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“Trust crisis” looms over tech industry as public grows weary of privacy scandals

It’s a bad time to be an internet user. Despite the many technological advancements that have made it possible for more people to get online and connect with each other, along with all of the many online services that can be enjoyed by almost anyone by doing nothing more than simply tapping a few buttons, actual internet use can be quite unpleasant. The reason for this? Some of the biggest websites on the planet are involved, in one way or another, in the biggest privacy scandal of all time.

Yes, the internet is huge and practically limitless, and there are many things you can do to avoid being affected by this privacy scandal. But it has come to a point where being careful to not be personally affected is no longer enough. As the details of the Facebook-Cambridge Analytica saga has revealed, your personal information could have been compromised no matter how careful you are. Facebook itself already tracks people even if they don’t have actual Facebook accounts. And if you keep that in mind, the idea of people losing their privacy through the platform – even if they didn’t do anything to deserve it – doesn’t seem so surprising after all.

As a result of all this commotion, the general public has become wary of Facebook and its ilk. And at least one expert warns that it will take a major effort to turn things back around, if that’s even possible at all at this point.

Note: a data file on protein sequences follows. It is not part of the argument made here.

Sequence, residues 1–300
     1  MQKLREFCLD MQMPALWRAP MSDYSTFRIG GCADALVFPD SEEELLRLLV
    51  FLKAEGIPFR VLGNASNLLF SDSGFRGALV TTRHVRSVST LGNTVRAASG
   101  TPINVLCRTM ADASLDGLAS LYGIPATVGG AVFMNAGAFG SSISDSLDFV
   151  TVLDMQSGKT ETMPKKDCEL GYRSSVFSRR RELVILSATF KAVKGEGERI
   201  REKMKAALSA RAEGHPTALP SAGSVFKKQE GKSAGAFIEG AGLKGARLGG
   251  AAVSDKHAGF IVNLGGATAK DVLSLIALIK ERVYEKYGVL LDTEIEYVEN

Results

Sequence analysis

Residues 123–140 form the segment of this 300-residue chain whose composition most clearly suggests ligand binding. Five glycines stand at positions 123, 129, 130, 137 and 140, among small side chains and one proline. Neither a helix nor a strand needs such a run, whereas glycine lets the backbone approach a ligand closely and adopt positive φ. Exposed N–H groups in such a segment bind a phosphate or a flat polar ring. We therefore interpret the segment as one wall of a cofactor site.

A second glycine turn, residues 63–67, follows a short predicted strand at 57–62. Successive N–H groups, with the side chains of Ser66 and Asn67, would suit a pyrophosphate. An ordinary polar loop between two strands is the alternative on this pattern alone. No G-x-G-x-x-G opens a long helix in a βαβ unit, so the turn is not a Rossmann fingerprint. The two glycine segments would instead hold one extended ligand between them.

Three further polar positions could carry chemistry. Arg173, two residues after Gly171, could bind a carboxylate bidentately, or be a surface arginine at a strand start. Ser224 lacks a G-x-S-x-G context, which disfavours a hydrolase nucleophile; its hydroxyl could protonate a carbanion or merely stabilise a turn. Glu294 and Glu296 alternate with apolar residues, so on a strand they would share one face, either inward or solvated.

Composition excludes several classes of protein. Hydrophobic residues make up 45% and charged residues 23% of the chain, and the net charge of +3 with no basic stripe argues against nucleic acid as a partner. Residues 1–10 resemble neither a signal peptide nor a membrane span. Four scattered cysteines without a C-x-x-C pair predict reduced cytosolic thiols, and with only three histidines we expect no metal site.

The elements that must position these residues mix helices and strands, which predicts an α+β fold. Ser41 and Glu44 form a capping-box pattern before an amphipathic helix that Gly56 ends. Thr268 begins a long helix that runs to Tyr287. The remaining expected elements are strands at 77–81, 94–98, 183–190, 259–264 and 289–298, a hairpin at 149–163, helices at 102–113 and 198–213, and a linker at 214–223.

According to Chris Riddell, a futurist who took part in Credit Suisse’s most recent annual Asian Investment Conference, big brands will now have to re-establish trust with consumers when it comes to matters of data safety. In his view, the world is currently going through a severe “trust crisis,” and the tech companies only have themselves to blame. (Related: Facebook has a file on you: Even if you don’t have an account, if you’re online, they track you through third-party activity.)

In a statement issued online through, Riddell pointed out people’s views on data sharing nowadays. “People now are more willing to share data than ever before,” he said. However, there fact that data breaches have been happening at major companies have ended up breaking the “trust and confidence” that people had in today’s most prominent platforms.

“We’re in an era of category killers,” Riddell added, “where one organization is dominating in an industry.” He pointed to Facebook and Google as prime examples of companies that have neglected to watch over the data of their users more carefully and prevent the latest privacy breaches from happening.

Facebook’s privacy issues are well-known; they routinely do things that their users never consented to, and they retain user data even when instructed to delete them for good. As for Google, it tracks its own users heavily as well, and through its online services like YouTube, enforces rather draconian laws that are so bad that they might as well be considered censorship. In fact, that’s what many people call them already: Content creators like Diamond and Silk, can do nothing as YouTube outright censors their channel because of seemingly arbitrary rules that they can’t even protest.

While these issues are happening, the sites that are responsible for the egregious privacy violations that millions of users suffer continue to operate and rake in massive profits on a daily basis. Perhaps the only real way of stopping them now is if this crisis becomes prolonged and results in people leaving the sites en masse. Until then, the privacy violations will keep happening, and people will just keep on scrolling.

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